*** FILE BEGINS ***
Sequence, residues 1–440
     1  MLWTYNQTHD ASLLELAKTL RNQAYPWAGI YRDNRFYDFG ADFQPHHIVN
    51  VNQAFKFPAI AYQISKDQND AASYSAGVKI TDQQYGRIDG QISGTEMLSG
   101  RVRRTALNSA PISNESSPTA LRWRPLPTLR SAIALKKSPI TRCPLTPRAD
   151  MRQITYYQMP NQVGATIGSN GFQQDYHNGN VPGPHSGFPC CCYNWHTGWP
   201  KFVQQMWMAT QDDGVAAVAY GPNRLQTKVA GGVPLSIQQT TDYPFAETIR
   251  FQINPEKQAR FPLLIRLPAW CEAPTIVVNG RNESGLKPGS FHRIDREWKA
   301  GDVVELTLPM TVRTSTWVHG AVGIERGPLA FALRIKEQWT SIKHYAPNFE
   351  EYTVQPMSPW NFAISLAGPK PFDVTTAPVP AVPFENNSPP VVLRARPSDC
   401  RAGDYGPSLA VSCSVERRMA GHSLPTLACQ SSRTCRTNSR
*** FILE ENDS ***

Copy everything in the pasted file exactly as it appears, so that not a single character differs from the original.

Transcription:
Sequence, residues 1–440
     1  MLWTYNQTHD ASLLELAKTL RNQAYPWAGI YRDNRFYDFG ADFQPHHIVN
    51  VNQAFKFPAI AYQISKDQND AASYSAGVKI TDQQYGRIDG QISGTEMLSG
   101  RVRRTALNSA PISNESSPTA LRWRPLPTLR SAIALKKSPI TRCPLTPRAD
   151  MRQITYYQMP NQVGATIGSN GFQQDYHNGN VPGPHSGFPC CCYNWHTGWP
   201  KFVQQMWMAT QDDGVAAVAY GPNRLQTKVA GGVPLSIQQT TDYPFAETIR
   251  FQINPEKQAR FPLLIRLPAW CEAPTIVVNG RNESGLKPGS FHRIDREWKA
   301  GDVVELTLPM TVRTSTWVHG AVGIERGPLA FALRIKEQWT SIKHYAPNFE
   351  EYTVQPMSPW NFAISLAGPK PFDVTTAPVP AVPFENNSPP VVLRARPSDC
   401  RAGDYGPSLA VSCSVERRMA GHSLPTLACQ SSRTCRTNSR